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Making Decisions About Herbal Therapies: Herbal Practitioners

Part of A Practical Guide to Herbal Therapies for People Living With HIV

2004

Several different types of practitioners are trained in the use of herbal therapies. The following section outlines the qualifications of each type. Although these qualifications are important, it's equally important to find a practitioner that you trust. We urge you to ask questions about a practitioner's experience treating HIV and to look for practitioners who are knowledgeable about your condition. If you don't know where to find an experienced practitioner in your area, call your local AIDS service organization or one of the organizations listed in this guide.

Practitioners who specialize in herbal treatments are often called herbalists. Herbalists practise according to many different traditions. There is no standardized training in Canada, but a number of provincial organizations set standards for membership.

Several different terms are used to describe the training an herbal practitioner has received. These terms may overlap, but here are some of the most common designations:

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Consultant herbalist is a loosely used term describing people who have one or two years of formal training. Practitioners with this level of training often serve as consultants in health food stores.

Chartered herbalists usually have a diploma from an herbalist college and have completed at least two years of formal training.

The term clinical herbalist may be used to identify a graduate of a full-time three- or four-year program at an herbalist college.

Master herbalist is a term that generally reflects a high level of experience, although the exact definition varies from organization to organization. This designation usually describes someone with the formal training of a chartered or clinical herbalist as well as a specified amount of practical experience.

NIMH - These letters stand for National Institute of Medical Herbalists. This British designation is the highest level an herbalist can reach in the English-speaking world. It's estimated that there are only about half a dozen of these highly trained herbalists in Canada.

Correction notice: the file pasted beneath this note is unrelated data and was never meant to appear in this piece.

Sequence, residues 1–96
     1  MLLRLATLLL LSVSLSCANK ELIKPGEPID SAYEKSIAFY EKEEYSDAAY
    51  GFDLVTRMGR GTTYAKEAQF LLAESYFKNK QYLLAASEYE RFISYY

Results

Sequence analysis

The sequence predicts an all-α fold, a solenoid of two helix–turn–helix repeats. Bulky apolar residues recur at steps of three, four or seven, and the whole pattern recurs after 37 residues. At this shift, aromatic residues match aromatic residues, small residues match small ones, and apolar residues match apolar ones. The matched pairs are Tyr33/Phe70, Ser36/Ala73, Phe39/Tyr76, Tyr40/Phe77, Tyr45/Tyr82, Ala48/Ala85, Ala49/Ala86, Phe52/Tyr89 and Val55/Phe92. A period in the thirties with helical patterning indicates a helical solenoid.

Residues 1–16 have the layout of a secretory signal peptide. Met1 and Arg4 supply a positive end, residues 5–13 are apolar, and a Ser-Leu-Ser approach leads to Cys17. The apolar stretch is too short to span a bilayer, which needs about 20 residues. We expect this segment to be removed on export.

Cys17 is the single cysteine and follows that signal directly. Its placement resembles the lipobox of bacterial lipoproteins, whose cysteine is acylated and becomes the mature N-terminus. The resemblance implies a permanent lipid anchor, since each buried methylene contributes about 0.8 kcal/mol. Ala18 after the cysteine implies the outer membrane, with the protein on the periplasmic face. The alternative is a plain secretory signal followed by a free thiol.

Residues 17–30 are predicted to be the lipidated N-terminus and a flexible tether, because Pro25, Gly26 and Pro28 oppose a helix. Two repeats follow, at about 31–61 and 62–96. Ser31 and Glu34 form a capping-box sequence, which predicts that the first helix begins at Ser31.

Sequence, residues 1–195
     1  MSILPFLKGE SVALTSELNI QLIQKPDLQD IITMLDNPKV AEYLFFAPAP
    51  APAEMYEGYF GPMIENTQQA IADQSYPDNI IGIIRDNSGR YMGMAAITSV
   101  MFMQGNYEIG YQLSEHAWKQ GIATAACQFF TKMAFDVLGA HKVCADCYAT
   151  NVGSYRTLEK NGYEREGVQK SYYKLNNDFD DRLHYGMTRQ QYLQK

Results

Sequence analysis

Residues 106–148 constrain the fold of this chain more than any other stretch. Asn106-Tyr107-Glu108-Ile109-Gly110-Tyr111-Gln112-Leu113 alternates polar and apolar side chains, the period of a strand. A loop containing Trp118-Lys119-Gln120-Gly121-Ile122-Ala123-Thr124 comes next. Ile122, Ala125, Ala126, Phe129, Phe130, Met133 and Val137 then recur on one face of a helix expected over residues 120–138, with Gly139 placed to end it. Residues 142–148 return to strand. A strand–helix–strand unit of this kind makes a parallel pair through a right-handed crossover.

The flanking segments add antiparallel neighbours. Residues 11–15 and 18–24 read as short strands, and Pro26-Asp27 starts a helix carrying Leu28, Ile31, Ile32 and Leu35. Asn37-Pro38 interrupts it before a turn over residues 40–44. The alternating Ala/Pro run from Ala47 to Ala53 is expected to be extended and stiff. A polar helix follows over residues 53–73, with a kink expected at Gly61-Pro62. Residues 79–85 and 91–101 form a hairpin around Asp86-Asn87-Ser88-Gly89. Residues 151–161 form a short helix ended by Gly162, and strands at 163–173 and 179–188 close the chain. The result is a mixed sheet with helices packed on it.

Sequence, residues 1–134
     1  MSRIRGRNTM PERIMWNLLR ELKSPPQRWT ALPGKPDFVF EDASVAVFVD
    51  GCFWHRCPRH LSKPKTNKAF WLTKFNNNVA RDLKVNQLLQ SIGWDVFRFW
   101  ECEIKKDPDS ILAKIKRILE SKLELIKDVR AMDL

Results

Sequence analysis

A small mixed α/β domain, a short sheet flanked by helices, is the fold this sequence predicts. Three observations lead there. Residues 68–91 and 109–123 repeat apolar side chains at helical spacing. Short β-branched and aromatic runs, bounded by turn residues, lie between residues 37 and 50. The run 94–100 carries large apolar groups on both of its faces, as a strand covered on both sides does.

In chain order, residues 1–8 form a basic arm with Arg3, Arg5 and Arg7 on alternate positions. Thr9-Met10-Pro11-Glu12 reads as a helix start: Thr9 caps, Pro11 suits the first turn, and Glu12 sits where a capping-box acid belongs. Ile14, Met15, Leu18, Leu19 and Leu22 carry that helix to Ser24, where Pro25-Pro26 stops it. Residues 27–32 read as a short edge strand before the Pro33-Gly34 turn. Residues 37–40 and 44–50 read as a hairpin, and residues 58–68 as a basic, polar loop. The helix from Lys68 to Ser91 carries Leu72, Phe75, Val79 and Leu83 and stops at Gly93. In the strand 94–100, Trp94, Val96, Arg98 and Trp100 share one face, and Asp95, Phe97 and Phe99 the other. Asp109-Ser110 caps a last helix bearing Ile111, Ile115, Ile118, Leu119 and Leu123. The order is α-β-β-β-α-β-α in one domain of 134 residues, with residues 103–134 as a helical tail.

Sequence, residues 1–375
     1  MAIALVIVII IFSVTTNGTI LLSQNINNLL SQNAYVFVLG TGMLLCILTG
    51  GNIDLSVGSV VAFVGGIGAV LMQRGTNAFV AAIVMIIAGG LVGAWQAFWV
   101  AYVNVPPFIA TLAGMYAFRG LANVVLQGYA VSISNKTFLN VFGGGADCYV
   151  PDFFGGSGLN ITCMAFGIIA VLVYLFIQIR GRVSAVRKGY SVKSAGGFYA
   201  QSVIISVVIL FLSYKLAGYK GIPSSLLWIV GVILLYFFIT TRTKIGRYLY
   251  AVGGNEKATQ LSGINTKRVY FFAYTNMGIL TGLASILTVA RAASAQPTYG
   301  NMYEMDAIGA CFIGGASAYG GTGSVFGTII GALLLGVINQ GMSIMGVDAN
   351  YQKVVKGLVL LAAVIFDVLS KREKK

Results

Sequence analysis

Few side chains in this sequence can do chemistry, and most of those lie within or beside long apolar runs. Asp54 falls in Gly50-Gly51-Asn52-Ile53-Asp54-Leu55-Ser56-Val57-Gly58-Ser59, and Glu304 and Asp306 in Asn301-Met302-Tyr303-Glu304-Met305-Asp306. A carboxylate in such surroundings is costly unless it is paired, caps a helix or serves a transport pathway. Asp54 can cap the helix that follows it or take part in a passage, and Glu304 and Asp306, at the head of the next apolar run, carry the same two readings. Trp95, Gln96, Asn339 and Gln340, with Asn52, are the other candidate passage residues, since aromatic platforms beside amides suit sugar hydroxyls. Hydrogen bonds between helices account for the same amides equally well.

Sessions with a qualified herbalist cost between $40 and $75.

Naturopathic Doctors are trained to use natural substances to promote the healing power of the human body. These practitioners use herbal therapies extensively. They take several courses on biochemistry and botanical medicine as part of the four-year training necessary to become a naturopathic doctor. Naturopaths must be registered with their provincial association to practise in British Columbia, Manitoba, Ontario and Saskatchewan. A system of provincial registration is currently being developed in Nova Scotia and Alberta. An introductory session with a naturopath usually costs between $90 and $250. Follow-up visits generally cost $40 to $100, although many practitioners offer cheaper rates for those with low incomes. The services of a naturopath are covered by some private health plans.

Many non-European medical traditions use herbal medicines extensively. Most prominent in Canada are traditional Chinese medicine, Ayurveda and the traditional healing methods of Canada's Aboriginal Peoples. Specific herbal therapies used in each of these traditions have been discussed in this guide.

Finally, a variety of folk traditions make use of herbal remedies. Folk traditions rely on word of mouth to pass information from one generation to the next. Folk traditions rarely offer any sort of formal training. Instead, practitioners learn through informal apprenticeships with experienced healers. This is the way that healers are trained in most Aboriginal cultures throughout the world. It is also the method used in the "wise woman" traditions of Europe.





  
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This article was provided by The Body's "Ask the Experts" Forums.
 

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